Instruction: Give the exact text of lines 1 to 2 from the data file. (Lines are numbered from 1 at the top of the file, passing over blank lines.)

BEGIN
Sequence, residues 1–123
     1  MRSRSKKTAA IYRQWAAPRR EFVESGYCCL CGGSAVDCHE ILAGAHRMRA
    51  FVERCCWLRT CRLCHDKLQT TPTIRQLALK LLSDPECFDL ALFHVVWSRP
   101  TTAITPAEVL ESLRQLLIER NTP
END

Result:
Sequence, residues 1–123
     1  MRSRSKKTAA IYRQWAAPRR EFVESGYCCL CGGSAVDCHE ILAGAHRMRA